Product Recoil: Packaging

see copyright notice. Page created 31-Jan-2023. Use the button groups above to navigate quickly around the site.

Note: This page reflects my general experience, illustrated by example items from retailers that happen to be local to me. I've tried not to identify them explicitly, as I believe the highlighted issues are widespread across the retail sector.

Watch your weight

[Chocolate Assortment packaging]

Easter eggs are renowned for being over-packaged, but there are many other culprits on the confectionery shelves. I was particularly annoyed when I opened a posh-looking "Dark Chocolate Edition" assortment, whose size and weight I'd judged to be reasonable in the store. I hadn't noticed the little note at the end of all the verbiage on the sleeve, stating the net weight!

A mere 130g of tiny chocolates were contained within this elaborate box, insert, cover and sleeve, which had a volume not far short of a litre, and weighed 148g - comfortably more than the contents. What's more, there were two metal discs invisibly sealed into the front of the box, with two corresponding magnets in the lid flap, to make it snap shut - relieving the poor consumer of the irksome drudgery of tucking a flap into a slot. Not good for recycling, methinks.

Since that disappointing purchase, I've made a point of checking net weights, to avoid again shelling out 4 times the price, weight for weight, of a comparable chocolate bar. However, I was recently fooled again when buying a pack of two cheesecake desserts. It felt like I was getting two substantial portions, until I opened the (windowless) box and found they were packed in heavy glass ramekins!

Talking of glass, there's a huge variation in the amount of it that goes into making a wine bottle. I'm not talking about sparkling wines, which need a thick container to withstand the pressure, but just an ordinary, still red or white. So far the lightest 750ml bottle I've found was around 350g, while the heaviest weighed in at 650g. That's not far off equalling the weight of the wine within - and sadly the monster contained a nice organic red. Its producer might want me to think heavy weight implies a better product, but actually I shan't be buying it again, solely on account of the excessive energy used to pack and transport it. Know your market!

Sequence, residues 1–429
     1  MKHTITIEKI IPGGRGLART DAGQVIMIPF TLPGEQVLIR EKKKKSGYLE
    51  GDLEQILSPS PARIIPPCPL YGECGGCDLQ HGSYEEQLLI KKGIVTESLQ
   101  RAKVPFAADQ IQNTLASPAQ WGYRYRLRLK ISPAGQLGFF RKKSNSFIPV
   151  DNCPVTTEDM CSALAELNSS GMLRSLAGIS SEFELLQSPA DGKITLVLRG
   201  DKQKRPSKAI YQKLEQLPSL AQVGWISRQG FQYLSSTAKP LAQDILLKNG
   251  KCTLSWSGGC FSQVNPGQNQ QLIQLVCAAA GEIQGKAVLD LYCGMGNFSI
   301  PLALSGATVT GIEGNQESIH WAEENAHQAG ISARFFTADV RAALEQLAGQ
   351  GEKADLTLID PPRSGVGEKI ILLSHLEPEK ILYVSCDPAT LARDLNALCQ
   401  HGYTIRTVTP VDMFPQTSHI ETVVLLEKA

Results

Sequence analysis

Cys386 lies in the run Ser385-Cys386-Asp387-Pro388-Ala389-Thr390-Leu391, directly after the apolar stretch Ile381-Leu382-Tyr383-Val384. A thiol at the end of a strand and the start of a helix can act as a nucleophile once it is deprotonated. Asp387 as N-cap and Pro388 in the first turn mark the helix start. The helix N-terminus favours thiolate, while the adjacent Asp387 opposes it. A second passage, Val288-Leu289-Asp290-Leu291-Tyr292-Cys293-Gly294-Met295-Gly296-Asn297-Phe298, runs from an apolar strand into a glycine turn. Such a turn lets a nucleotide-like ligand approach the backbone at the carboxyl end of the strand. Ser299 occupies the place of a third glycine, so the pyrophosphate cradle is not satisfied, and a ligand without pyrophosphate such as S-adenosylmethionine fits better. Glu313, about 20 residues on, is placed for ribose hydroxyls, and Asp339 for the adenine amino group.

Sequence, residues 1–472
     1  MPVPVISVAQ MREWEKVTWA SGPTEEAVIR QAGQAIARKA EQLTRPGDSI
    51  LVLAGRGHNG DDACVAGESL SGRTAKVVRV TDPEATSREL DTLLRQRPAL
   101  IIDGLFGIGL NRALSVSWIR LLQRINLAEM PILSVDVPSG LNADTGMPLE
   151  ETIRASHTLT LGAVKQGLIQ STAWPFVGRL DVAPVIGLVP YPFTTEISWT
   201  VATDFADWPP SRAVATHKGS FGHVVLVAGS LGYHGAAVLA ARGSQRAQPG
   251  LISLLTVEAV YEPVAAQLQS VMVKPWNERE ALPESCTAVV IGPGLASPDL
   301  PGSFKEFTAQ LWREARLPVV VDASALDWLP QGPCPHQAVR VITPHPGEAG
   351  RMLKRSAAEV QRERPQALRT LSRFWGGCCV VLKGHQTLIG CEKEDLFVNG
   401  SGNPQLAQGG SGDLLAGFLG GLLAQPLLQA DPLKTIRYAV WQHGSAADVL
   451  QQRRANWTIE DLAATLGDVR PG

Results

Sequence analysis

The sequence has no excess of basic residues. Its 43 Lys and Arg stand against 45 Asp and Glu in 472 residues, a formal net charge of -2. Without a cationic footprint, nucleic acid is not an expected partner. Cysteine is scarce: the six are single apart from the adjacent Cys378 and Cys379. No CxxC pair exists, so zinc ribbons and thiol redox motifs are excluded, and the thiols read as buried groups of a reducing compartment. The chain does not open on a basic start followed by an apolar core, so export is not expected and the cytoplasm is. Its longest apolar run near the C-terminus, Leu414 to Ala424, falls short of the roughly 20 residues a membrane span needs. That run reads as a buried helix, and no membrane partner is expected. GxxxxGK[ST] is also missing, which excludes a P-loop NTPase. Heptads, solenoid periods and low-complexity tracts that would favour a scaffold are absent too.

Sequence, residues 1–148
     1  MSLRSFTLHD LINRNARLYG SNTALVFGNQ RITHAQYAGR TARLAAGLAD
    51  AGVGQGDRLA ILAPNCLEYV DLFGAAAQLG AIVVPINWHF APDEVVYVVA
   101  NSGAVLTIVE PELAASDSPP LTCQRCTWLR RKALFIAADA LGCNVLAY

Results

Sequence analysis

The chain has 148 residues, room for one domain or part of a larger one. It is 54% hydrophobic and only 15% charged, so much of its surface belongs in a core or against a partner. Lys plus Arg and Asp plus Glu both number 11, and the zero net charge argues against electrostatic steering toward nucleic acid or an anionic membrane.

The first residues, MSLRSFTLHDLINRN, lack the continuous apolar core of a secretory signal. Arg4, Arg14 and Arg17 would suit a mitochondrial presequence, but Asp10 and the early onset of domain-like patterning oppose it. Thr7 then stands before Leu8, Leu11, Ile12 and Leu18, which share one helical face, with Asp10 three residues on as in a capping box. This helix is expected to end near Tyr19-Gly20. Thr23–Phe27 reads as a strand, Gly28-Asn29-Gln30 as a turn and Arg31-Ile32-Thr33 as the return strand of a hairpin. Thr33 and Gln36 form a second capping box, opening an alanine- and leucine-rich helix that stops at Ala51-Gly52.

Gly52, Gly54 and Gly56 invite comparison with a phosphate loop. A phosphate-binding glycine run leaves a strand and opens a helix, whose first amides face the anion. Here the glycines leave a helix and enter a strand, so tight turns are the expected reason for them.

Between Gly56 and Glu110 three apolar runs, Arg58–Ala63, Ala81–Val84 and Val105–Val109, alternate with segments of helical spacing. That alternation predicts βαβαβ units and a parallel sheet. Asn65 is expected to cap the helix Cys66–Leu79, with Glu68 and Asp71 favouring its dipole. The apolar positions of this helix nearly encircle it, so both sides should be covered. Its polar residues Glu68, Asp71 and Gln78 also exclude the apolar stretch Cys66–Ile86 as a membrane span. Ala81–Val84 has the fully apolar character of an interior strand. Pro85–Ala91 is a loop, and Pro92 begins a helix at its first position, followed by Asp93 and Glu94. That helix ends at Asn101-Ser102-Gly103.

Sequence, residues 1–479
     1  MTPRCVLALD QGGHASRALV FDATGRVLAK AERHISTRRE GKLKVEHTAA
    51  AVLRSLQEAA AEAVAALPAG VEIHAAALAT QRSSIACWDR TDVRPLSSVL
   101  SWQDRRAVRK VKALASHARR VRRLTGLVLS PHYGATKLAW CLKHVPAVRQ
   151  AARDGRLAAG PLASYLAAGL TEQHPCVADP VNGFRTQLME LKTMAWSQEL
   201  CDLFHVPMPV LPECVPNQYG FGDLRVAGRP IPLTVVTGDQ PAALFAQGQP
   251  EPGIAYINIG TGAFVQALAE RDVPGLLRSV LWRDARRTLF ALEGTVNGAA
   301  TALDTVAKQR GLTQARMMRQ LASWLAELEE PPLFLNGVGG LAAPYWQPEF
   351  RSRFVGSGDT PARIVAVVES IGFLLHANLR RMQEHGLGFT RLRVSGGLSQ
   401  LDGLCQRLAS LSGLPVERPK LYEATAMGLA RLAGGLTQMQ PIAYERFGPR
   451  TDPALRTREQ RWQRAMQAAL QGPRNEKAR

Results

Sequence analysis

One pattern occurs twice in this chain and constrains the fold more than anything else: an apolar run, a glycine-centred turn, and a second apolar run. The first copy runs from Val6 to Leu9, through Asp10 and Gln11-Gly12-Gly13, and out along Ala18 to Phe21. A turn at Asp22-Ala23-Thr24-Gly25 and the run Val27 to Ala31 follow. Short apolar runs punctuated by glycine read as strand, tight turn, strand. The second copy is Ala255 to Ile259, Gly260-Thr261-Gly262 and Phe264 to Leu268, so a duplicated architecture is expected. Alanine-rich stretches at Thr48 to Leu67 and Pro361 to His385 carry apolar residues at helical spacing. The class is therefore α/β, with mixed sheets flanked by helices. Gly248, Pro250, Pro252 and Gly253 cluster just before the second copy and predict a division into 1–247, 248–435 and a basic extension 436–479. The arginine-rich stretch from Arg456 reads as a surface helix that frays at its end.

Nothing (to hide)

[Muesli with oversized box]

We're all familiar with the phrase Contents may settle - often meaning This packet is only half full. Said packet is usually a cardboard box with a window or cutout in the side, and it amazes me how accurately the top of the window tends to be placed just below the top of the "settled" contents. The muesli pictured here struck me as an extreme case (the outline of a figure jumping for joy - or maybe with rage - was the transparent window). In response to my complaint, the producer stated that they used a standard box size for all their cereals, and that this product was a particularly dense one!

[Pate in two pieces with gap hidden]

Another crafty way of selling you less than you thought is illustrated by these slabs of bean pâté. Who'd have thought, seeing the pack on the shelf with the division in the tray obscured by the sleeve, that the contents weren't a single slab?

[Slices of ham with thin edge concealed]

Sleeves and labels can also be used creatively to beautify less-than-perfect meat products. These lovely thick slices of ham, for example, all tapered off into pathetic slivers at the top edge, the uppermost one being neatly hidden under the sleeve.

[Steak with large piece of hidden fat]

And when I peeled back the label from the right-hand side of this pack of organic sirloin steak, I discovered a lump of pure fat that I calculated had cost me nearly 50p! On that occasion the store did at least take the matter up with its supplier, and sent me a voucher to compensate.

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